Iran turns to Asia to counter Western sanctions

April 13, 2011 - 0:0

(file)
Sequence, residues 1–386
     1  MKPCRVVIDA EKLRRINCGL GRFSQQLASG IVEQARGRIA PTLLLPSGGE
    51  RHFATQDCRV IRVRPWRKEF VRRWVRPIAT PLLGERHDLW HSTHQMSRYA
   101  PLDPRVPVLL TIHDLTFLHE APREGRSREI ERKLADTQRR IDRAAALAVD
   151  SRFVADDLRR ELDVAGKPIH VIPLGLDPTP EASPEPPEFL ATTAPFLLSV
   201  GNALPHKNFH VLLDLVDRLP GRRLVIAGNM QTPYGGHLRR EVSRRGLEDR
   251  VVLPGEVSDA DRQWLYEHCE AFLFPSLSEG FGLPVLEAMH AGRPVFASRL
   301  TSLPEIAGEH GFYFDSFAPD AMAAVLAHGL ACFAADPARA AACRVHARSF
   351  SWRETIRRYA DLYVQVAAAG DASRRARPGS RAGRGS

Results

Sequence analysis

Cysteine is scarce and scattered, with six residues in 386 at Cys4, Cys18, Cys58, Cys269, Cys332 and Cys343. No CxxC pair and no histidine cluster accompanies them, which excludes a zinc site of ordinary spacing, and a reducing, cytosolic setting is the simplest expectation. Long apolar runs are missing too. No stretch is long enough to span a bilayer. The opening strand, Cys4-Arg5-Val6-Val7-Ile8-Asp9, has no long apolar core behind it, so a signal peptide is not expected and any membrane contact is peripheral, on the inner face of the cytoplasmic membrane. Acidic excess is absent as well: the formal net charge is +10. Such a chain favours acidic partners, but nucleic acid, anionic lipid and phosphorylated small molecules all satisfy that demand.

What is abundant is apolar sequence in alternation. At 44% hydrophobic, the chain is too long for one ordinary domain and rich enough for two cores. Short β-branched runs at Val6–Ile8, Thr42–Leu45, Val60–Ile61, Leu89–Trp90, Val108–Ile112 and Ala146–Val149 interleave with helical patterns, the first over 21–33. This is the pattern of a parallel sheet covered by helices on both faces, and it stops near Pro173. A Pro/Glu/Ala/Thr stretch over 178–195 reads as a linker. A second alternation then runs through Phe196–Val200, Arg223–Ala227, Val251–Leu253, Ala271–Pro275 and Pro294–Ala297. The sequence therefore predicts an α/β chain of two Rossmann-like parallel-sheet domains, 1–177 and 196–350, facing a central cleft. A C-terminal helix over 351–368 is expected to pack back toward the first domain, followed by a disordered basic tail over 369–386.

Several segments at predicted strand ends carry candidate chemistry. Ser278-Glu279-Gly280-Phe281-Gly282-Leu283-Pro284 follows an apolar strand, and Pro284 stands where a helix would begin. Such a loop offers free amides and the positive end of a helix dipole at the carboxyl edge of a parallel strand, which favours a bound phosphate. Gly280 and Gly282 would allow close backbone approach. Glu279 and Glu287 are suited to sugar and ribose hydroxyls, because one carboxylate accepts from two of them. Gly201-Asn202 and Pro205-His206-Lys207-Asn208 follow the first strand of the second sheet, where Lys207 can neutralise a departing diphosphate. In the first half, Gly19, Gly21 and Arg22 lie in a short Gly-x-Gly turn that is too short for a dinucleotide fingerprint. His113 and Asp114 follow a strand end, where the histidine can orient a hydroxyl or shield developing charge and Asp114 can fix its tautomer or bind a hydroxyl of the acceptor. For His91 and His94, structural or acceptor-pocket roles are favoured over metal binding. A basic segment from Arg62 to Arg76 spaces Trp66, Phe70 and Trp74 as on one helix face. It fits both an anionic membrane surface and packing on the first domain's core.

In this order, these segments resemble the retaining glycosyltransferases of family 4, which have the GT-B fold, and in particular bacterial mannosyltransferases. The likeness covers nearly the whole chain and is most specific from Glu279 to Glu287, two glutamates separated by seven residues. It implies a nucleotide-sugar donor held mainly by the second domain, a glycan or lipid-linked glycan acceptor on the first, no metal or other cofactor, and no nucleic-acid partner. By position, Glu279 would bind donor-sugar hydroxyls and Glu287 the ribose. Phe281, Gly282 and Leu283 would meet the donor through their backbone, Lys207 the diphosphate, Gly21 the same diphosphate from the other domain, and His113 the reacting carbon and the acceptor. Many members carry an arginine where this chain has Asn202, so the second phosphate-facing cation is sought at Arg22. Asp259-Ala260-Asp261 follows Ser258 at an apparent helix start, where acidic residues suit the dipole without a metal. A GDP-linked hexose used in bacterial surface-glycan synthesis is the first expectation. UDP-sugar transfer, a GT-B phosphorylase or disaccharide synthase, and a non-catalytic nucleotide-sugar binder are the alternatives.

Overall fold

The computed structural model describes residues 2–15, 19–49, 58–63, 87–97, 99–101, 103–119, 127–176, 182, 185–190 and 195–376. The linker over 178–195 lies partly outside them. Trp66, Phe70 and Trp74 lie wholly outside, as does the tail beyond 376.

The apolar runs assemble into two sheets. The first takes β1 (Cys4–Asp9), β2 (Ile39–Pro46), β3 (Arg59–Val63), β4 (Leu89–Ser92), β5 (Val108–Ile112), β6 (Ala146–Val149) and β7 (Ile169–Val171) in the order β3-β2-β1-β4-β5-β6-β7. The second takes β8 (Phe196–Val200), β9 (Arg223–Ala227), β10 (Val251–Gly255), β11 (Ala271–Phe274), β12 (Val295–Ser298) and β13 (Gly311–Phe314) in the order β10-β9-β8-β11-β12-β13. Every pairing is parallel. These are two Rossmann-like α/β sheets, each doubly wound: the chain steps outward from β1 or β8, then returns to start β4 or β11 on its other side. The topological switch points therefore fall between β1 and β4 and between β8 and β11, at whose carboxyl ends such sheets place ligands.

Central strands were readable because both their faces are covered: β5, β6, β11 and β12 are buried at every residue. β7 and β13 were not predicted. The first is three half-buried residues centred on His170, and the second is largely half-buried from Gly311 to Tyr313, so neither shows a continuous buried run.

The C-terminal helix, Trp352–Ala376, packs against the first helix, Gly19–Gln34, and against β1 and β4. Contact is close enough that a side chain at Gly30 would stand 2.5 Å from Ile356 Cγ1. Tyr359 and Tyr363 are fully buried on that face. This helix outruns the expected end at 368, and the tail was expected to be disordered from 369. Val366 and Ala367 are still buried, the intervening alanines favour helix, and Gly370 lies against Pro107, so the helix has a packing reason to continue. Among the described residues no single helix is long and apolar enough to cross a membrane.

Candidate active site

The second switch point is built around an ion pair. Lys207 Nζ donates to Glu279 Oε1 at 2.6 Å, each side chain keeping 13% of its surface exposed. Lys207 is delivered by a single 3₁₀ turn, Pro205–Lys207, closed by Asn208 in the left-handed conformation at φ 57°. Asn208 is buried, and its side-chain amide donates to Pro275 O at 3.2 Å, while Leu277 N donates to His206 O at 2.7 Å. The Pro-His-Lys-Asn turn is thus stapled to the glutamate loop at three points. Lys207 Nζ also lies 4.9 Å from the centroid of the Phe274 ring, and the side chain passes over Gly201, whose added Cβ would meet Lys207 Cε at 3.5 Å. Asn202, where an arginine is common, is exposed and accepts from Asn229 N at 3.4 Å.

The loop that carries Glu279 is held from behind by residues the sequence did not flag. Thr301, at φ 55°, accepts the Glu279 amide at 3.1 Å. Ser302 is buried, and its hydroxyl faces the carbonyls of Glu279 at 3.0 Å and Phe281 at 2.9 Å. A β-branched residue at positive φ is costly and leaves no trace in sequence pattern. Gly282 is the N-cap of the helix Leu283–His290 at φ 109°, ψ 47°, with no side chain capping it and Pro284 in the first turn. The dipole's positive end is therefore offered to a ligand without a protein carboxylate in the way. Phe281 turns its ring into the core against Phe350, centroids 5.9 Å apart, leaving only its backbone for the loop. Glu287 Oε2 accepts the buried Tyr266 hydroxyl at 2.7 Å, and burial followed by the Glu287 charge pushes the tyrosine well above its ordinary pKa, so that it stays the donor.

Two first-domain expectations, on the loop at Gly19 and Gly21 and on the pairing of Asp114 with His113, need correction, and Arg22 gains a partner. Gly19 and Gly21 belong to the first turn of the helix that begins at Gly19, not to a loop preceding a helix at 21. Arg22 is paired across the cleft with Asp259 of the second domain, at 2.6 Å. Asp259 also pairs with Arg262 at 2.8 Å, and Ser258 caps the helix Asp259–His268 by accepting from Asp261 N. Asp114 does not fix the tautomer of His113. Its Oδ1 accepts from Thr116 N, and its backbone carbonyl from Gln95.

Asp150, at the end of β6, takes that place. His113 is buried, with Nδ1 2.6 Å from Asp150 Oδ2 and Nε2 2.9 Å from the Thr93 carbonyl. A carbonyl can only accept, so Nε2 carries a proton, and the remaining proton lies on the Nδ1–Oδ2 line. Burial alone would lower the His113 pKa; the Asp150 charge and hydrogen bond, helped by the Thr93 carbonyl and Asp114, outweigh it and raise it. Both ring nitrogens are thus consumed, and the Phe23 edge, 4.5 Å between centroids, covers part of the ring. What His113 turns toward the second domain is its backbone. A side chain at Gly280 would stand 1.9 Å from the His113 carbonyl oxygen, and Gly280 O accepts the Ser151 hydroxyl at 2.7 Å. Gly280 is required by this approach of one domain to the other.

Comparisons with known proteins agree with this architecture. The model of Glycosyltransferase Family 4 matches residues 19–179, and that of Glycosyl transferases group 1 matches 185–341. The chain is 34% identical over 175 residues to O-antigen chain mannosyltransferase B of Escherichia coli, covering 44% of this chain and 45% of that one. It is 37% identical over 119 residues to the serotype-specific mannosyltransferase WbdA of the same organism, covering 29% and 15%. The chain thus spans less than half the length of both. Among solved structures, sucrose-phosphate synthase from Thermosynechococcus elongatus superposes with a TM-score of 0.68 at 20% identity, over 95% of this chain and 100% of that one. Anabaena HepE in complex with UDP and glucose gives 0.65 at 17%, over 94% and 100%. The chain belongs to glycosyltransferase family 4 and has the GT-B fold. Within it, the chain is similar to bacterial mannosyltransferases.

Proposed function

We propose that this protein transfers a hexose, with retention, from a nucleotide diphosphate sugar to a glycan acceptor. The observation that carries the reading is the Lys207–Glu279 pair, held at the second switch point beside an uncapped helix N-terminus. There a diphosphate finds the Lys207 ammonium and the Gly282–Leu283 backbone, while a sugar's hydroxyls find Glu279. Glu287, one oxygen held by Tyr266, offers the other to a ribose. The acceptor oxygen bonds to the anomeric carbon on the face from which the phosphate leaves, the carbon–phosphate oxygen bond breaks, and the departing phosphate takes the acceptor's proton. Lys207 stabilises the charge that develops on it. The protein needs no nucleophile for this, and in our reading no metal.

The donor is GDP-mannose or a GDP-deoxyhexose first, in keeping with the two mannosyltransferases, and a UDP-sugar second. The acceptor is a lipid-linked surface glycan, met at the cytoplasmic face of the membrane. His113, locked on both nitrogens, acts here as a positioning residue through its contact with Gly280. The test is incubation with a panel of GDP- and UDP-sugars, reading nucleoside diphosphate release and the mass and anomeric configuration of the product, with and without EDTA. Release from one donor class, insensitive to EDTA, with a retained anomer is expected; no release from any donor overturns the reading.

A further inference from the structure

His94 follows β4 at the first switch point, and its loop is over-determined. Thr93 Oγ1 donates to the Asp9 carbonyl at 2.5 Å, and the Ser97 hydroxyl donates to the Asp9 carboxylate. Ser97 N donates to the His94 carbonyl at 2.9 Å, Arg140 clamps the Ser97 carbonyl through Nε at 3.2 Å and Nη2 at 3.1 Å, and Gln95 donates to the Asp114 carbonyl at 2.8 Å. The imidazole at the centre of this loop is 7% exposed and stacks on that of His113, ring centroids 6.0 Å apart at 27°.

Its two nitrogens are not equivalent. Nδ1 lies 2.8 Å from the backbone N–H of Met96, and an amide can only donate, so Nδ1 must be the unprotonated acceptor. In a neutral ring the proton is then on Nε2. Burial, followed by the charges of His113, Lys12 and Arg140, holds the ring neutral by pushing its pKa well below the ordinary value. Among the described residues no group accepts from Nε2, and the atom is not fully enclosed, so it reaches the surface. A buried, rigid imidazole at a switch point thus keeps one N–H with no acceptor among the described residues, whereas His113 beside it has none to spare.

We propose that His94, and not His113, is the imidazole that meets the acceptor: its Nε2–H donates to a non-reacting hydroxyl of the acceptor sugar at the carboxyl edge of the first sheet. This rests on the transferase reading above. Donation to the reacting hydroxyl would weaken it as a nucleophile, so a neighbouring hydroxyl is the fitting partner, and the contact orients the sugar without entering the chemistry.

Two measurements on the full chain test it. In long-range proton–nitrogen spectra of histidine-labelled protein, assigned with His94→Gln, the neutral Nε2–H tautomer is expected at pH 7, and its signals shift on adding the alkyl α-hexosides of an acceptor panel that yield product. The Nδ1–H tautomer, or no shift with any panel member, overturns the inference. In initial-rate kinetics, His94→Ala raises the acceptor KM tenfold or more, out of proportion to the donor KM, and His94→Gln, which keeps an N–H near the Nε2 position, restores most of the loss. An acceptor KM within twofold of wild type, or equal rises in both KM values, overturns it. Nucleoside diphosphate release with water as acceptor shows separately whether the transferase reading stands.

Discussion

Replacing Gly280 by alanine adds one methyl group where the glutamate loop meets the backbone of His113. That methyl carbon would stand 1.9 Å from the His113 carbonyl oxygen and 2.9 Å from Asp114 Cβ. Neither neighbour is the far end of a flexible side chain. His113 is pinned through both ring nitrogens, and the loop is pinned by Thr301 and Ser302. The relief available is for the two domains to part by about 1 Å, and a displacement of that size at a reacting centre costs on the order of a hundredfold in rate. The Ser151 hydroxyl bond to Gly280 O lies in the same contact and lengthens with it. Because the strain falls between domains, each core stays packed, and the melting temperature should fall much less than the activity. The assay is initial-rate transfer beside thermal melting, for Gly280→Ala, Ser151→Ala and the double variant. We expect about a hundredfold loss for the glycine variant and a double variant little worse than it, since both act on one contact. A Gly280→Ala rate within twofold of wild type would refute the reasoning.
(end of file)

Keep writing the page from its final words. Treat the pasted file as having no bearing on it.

TEHRAN (AFP) — Iran has greatly expanded its trade during the year up to March, turning to Asia to circumvent Western economic sanctions. Iran imported 64.3 billion dollars worth of products, up 15 percent year-on-year, and exported 32.6 billion dollars worth of domestically-manufactured agricultural oil (excluding crude oil) products, customs director Abbas Memarnejad was quoted by Donya-E-Eqtesad newspaper on Monday. Tehran has increased its non-oil exports to Asia by almost 20 percent, which now represents 83 percent of its sales, while Europe, whose purchases have fallen by almost a quarter, only accounted for 13 percent, according to Customs figures. The upward trend also stands true for imports, according to Memarnejad. He said 61 percent of Iranian imports came from Asia, including the Middle East, while Europe was responsible for 34 percent and the American continent for only two percent. Among those European countries whose exports to Iran declined the most were Britain, Italy, Netherlands, Germany and Austria, according to the Iranian customs official. Memarnejad said 85 percent of imports were industrial equipment, materials such as steel, and also gold, which Tehran has drastically imported in recent years to reduce its foreign reserves in Western banks. Only 15 percent of imports were consumer goods, he said. The increase in Iran's trade comes despite tightened United States and European Union sanctions imposed since the summer of 2010 against the Islamic republic, especially targeting its oil sector, due to its disputed nuclear program. But Iran has also increased its petrochemical production and exports of petroleum products, which accounted for 8.6 billion dollars compared to 6.5 billion the previous year, showing an increase of 30 percent, according to figures released by the oil ministry. Traditional products, such as pistachios and carpets, currently constitute a small proportion of Iranian exports, with 556 million dollars worth of carpets and a little more than a billion dollars of pistachios exported last year, according to the figures. In addition to its non-oil exports, Iran sold some 70 billion dollars of crude oil during the past Iranian year, which ended on March 20, according to media reports.